Managing Work–Life Balance at a Startup

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Black Canyon of the Gunnison National Park, Colorado; photo by the author

Some workaholics feel compelled to work all the time, whereas others want to work all the time. For better and for worse, I fall into the latter category. I took ten weeks of vacation during my seven and a half years with Atypon. This always-on approach pushed my career forward in a meaningful way, but I could barely lift a finger in the five months after I left.

Although I may be towards the extreme of workaholism, my condition is by no means unique. High-growth startups are a potentially lethal environment for workaholics because teams are perpetually understaffed. The answer almost always is to work smarter, rather than longer; working longer usually leads to less smart work and therefore worse results.

Here are three easy ways that managers can help their teams to achieve a better work–life balance:

  • Don’t ask employees to work long hours or on weekends or holidays. In fact, actively encourage employees not to do this. If you write an email outside of business hours, use a tool like Boomerang to schedule delivery for the next business day.
  • Avoid sending email to employees (or copying them) while they’re on vacation. Instead, create “while you were gone” documents to be shared upon return. This eliminates the compulsion to respond while on vacation, and alleviates inbox re-entry agita.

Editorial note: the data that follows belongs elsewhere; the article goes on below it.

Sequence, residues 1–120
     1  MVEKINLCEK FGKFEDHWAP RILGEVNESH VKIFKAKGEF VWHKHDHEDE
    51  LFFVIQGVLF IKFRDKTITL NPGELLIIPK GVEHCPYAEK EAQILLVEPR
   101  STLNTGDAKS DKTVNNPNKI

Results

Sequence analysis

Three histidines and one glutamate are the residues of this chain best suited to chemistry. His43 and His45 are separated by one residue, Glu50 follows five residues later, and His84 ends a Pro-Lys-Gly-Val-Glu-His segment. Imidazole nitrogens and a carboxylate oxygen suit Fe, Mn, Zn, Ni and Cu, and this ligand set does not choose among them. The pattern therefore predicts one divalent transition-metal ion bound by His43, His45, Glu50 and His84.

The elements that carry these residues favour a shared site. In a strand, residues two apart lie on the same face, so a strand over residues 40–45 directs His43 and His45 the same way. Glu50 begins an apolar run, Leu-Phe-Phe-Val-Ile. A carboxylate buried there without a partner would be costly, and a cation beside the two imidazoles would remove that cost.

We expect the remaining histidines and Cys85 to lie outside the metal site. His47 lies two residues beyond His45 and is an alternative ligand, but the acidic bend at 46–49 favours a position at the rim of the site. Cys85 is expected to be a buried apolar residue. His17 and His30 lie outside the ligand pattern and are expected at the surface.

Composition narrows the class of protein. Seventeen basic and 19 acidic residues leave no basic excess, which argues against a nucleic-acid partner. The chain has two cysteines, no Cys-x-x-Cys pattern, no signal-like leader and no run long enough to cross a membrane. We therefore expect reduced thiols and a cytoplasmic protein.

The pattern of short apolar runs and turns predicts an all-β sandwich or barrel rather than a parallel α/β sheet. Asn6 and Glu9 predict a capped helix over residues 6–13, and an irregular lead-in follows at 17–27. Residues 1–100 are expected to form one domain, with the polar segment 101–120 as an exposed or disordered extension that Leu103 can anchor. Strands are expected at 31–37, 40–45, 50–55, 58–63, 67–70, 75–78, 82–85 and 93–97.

• Speaking of vacation, I’m not in favor of unlimited vacation policies because most people end up taking too little, and this hurts performance. Even if you aren’t in a position to change vacation policy, you can still strongly encourage your employees to take it.

Of course, at the end of the day each of us bears responsibility for managing our own work–life balance. A few years ago I discovered a hack that’s worked wonders for me. It’s super easy. Are you ready for it?

Leave your laptop at the office.

That’s it. Literally don’t take work home with you. And don’t install or log in to any work applications on your home computer, either.

Leaving your laptop at the office doesn’t mean you have to be cut off from work entirely. My phone is filled with business productivity apps like Slack, DocuSign, and Dropbox, all of which are great for completing quick work tasks when necessary (and all of which, I should add, are Smartling customers). Still, it’s not the same as working on a laptop; the small form factor and pared-down functionality are built-in limiters that prevent you from spending too much time on work when out of the office.

Startups are marathons, not sprints. Helping your employees to actively manage their work–life balance will contribute to better long-term results for your business. So push your team out of the office if they’re still there when you’re leaving at 6:30. Encourage a top performer to take a spontaneous personal day. And while you’re at it, leave your laptop at the office.

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Written by

Chief Customer Officer at Brightflag. I write about issues relevant to and situations faced by SaaS companies as they scale.

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